Adapting our care in the COVID pandemic

While we have achieved a great deal in responding so quickly to the many challenges posed by the global COVID crisis, our clinical teams are still under great pressure.  Our commitment to provide expert care remains unaltered, yet the pandemic has changed many aspects of the way we care for our patients and families.

To keep everyone safe, our infection-prevention strategy is critical for our practice and has been implemented across all our clinical services in many different ways including:

  • creating a separate isolation area in our Inpatient Unit, for any patient who develops symptoms of COVID after admission, or if they’ve been admitted prior to having their COVID test results back. This has meant that we don’t have to turn away end-of-life patients, and we can ensure the safety of others on the ward.
  • using all the appropriate personal protective equipment (PPE). The use of PPE has come with its own set of difficulties, particularly because it goes against the grain of some of the things we hold dear in comforting and caring for our patients and families. For example, reassuring a patient by holding their hand just isn’t the same when wearing latex gloves. Masks hide facial expressions and smiles – which usually go such a long way in helping staff to connect with our patients and families. Many of our patients and family members have hearing difficulties and face coverings cause an additional challenge in communicating when they rely on lip reading.
  • protecting our patients and families from any risk of COVID by limiting face-to-face visits, and replacing them with remote consultations. We’ve fast-tracked the use of the AccuRX video platform to carry out remote consultations with patients via video link. In our usual way, we are providing compassionate care, timely symptom management and support to patients and their families, while remaining considerate of the increased anxiety being felt as a result of this global crisis.
  • providing support to bereaved families via telephone consultations rather than face-to-face. Our Bereavement Team have found telephone consultations to be highly effective in providing much-needed support.
  • holding online funeral services if gathering was not an option; and helping patients in the Inpatient Unit to use iPads and mobile phones to connect with shielding family members.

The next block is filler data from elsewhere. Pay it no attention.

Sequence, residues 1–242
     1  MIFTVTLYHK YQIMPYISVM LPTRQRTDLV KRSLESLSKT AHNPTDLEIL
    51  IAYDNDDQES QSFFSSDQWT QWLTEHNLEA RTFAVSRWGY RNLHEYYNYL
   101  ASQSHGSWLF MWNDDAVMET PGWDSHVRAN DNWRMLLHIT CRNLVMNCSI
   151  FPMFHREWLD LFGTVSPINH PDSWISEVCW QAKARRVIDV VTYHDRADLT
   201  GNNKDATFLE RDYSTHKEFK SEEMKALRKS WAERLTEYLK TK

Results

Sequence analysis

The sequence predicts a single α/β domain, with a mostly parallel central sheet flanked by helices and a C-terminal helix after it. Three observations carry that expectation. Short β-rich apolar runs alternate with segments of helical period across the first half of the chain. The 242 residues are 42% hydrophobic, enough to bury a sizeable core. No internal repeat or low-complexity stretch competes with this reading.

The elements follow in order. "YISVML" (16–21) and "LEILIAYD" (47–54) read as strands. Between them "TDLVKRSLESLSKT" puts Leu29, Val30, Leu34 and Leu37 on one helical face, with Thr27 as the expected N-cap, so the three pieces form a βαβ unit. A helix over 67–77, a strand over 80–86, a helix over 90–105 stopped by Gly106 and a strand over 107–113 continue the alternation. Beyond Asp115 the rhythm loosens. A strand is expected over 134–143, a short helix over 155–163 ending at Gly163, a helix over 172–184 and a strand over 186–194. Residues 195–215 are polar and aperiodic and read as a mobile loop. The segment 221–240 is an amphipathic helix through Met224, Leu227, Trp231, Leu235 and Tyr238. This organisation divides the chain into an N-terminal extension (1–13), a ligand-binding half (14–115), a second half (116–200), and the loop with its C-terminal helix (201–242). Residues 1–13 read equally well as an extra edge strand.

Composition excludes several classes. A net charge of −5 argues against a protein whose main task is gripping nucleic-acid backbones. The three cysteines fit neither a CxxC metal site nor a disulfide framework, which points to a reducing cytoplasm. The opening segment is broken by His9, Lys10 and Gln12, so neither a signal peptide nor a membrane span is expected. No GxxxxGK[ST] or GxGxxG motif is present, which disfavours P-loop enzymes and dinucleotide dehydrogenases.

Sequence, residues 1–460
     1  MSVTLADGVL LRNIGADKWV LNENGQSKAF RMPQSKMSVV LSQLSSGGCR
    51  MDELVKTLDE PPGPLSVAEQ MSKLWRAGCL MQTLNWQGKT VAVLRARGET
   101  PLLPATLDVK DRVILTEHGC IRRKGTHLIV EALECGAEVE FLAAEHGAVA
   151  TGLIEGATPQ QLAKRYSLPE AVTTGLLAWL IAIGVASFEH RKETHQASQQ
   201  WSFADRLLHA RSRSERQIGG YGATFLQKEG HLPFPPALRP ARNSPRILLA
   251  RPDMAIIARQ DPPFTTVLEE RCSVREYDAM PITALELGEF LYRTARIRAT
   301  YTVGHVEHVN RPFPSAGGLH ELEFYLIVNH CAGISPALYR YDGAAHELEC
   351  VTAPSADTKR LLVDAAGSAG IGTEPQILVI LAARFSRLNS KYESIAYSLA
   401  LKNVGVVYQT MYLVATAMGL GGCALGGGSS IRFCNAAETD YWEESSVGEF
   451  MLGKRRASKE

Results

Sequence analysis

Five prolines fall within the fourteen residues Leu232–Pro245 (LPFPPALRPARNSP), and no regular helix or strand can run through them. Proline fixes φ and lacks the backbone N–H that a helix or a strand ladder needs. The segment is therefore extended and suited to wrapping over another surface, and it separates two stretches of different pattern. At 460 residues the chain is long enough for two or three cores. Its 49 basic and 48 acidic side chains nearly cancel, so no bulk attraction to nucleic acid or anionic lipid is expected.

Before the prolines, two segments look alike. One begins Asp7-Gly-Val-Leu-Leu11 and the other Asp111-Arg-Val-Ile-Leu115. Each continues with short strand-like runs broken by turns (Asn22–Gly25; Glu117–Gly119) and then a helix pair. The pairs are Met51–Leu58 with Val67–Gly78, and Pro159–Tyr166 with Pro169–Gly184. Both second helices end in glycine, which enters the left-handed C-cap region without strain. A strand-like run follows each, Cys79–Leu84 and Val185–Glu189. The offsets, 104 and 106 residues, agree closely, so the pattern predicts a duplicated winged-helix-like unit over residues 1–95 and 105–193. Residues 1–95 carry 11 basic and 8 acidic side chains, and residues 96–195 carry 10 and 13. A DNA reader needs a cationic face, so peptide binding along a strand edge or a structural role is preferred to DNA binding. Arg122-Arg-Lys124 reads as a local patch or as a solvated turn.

• adapting our complementary therapy service to enable us to offer ‘touch’ therapies such as massage while still being COVID safe, and providing online relaxation sessions.
  • adapting the delivery of our education in end-of-life care to be predominantly on-line, and continuing to provide much-needed support to other health and social care professionals including NHS community colleagues, and nurses working in care homes and for domiciliary agencies.

Over recent months, Rowcroft has responded to an escalating demand for our care. Our Hospice at Home service – which provides end-of-life care to people in their own homes across 300 square miles of South Devon – has been flooded by a surge in demand; and referrals to our Community Team – which offers services encompassing clinical nurse specialists, specialist palliative care doctors, physiotherapy, occupational therapy and bereavement support – are also steadily rising to extremely high levels. We will do everything we can to keep up with demand.  However, over the last few months, there have sadly been times when we’ve needed to close our referrals, as we sometimes don’t have the capacity to provide care for everyone who needs it.

To meet these increasing challenges, we have redeployed staff from within the organisation to support our clinical services, and we have adopted a highly successful superfluid model of nursing, whereby staff assist across teams wherever the need is greatest.

Throughout all this, we have continued to put patients’ choices at the very centre of everything we do, encouraging patients to be actively involved in decisions about the type of care they receive, believing this to be a prerequisite for expert, sensitive end-of-life care.

Despite our success in responding effectively and swiftly to the challenges of the pandemic, we know that as the winter approaches, we will need to work even harder to keep the momentum going. We will need to build on what we have achieved so far, and continue to learn and adapt so that we can carry on providing the best care possible to our patients and families.

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